|Coyne, Clarice - Clare|
Submitted to: International Chickpea and Pigeonpea Newsletter
Publication Type: Peer reviewed journal
Publication Acceptance Date: 9/1/2002
Publication Date: 11/1/2002
Citation: RAJESH, P.N., MEKSEM, K., COYNE, C.J., LIGHTFOOT, D.A., MUEHLBAUER, F.J. CONSTRUCTION OF THE FIRST BACTERIAL ARTIFICAL CHROMOSOME LIBRARY IN CHICKPEA. INTERNATIONAL CHICKPEA AND PIGEONPEA NEWSLETTER. 2002. v. 9. p. 29-30. Interpretive Summary: Chickpea is an economically important crop throughout the world and particularly in semi-arid regions. However, there are several devastating diseases that affect chickpea that have been approached through breeding resistant varieties. Genes for resistance have been identified and mapped in the chickpea genome. To further utilize this genetic information, we have developed tools for the isolation and characterization of the resistance genes. Specifically, we developed what is commonly known as a Bacterial Artificial Chromosome (BAC) library that we expect to use to locate and clone the important genes for disease resistance, particularly those genes for resistance to Fusarium wilt and Ascochyta blight. The material has been developed and is now available for use in our research and also for use by other labs. This report highlights important details of the library and announces the availability and potential uses.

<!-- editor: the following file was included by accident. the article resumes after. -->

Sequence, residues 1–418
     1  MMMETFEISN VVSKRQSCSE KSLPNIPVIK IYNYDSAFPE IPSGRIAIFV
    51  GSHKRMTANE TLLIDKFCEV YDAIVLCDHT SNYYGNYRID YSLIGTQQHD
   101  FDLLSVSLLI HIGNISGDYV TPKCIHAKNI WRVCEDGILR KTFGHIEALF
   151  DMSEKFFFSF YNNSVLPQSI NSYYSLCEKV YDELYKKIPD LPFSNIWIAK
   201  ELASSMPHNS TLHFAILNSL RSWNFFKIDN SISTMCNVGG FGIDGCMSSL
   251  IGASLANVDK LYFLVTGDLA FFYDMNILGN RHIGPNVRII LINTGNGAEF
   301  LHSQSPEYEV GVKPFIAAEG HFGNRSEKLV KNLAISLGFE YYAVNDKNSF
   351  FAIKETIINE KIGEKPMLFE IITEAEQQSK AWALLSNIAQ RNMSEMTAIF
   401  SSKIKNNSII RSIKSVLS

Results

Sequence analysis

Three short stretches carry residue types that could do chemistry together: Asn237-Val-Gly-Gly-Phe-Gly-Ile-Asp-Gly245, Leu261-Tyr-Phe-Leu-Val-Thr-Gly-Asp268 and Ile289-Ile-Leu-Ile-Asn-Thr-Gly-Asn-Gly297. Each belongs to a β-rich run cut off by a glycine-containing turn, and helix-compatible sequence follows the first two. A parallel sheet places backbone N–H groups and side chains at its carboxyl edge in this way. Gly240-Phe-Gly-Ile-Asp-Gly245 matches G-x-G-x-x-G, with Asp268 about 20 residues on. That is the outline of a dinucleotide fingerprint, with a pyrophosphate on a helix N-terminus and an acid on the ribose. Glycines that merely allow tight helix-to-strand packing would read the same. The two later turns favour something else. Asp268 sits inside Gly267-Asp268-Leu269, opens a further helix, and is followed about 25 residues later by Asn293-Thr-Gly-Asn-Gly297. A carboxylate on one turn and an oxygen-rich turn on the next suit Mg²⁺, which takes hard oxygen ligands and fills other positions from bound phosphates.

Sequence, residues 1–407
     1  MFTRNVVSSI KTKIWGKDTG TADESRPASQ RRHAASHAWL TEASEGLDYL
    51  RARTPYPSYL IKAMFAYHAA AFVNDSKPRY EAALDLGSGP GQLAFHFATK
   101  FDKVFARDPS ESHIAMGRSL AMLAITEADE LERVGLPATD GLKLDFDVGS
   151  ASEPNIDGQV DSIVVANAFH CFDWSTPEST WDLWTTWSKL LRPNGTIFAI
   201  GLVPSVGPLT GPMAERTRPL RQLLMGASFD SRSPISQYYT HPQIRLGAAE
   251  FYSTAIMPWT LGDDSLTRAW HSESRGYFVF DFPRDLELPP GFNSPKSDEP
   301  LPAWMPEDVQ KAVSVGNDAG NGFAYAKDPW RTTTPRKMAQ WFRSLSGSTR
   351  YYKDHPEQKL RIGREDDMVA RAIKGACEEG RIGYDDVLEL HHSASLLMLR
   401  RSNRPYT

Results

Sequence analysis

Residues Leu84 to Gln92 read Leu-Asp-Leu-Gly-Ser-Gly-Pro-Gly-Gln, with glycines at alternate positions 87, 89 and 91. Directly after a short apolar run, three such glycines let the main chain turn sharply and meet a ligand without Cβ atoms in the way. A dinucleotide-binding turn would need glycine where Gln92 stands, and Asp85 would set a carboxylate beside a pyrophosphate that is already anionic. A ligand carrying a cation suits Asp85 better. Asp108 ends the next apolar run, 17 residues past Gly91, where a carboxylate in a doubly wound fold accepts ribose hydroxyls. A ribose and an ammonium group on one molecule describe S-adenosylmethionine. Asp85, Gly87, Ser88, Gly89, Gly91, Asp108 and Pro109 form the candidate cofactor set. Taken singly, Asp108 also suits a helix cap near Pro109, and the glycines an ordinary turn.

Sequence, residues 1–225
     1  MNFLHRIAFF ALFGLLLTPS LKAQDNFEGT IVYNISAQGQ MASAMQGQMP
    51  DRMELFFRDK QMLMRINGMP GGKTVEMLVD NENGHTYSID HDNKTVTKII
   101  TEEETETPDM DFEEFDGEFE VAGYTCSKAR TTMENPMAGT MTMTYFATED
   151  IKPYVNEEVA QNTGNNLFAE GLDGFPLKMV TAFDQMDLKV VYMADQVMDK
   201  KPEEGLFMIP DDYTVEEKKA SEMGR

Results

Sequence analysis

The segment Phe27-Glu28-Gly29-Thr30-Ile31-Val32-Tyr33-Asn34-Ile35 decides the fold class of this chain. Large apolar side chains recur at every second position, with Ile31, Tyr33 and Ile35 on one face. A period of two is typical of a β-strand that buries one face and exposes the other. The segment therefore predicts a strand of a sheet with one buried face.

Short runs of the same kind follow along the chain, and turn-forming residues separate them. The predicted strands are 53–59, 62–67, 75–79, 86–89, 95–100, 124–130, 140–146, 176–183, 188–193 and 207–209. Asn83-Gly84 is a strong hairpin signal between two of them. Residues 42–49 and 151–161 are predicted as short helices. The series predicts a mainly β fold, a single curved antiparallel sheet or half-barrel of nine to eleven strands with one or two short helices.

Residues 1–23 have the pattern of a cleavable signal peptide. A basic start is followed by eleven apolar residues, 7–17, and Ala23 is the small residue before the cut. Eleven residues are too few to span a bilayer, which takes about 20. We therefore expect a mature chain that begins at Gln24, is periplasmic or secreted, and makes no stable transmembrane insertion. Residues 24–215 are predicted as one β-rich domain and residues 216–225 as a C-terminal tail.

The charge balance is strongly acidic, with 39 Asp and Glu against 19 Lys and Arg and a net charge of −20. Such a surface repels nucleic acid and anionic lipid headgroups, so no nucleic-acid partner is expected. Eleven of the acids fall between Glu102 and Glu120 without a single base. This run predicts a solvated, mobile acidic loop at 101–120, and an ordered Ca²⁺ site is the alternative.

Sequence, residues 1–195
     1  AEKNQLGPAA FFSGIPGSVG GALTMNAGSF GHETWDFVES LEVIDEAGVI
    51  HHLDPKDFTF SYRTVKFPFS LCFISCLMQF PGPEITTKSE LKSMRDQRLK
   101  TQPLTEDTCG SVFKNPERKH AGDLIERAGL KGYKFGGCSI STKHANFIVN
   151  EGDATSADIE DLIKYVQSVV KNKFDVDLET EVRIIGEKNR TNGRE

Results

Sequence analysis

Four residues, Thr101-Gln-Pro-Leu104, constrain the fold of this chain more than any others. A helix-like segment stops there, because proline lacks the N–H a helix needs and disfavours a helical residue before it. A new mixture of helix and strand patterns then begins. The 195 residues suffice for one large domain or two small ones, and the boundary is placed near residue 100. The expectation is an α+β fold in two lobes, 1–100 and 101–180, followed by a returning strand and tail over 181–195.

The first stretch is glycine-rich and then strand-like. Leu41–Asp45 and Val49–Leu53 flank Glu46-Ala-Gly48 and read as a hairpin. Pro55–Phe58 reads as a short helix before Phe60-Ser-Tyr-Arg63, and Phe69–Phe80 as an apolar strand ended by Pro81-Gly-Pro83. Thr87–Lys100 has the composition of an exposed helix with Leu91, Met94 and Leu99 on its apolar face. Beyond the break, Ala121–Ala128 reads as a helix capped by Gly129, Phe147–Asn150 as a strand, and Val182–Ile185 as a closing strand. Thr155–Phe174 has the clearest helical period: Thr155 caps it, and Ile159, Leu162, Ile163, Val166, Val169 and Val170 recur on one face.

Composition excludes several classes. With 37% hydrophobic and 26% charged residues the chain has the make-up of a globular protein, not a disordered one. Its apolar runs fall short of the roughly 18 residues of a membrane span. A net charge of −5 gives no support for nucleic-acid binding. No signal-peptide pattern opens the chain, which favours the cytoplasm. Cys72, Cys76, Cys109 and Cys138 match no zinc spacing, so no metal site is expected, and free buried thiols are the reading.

Technical Abstract: Chickpea (Cicer arietinum, 2x=2n=16 chromosomes) is an economically important crop throughout the world as well as in the U.S. Research is underway to map the chickpea genome and locate important disease resistance genes. The objectives of this research were to develop a Bacterial Artificial Chromosome (BAC) library of the chickpea genome, to characterize the library and to make the library available as a tool for locating and isolating important genes. A BAC library was constructed using the ascochyta blight resistant germplasm line, FLIP84-92C. Based on the size of the inserts and genome size of chickpea, we calculated that the BAC library to have 3.8 times coverage of the genome and a 95% probability of finding any chickpea fragment from the library. This is the first reported BAC library of the chickpea genome and the first step towards isolation of important genes for disease resistance in chickpea.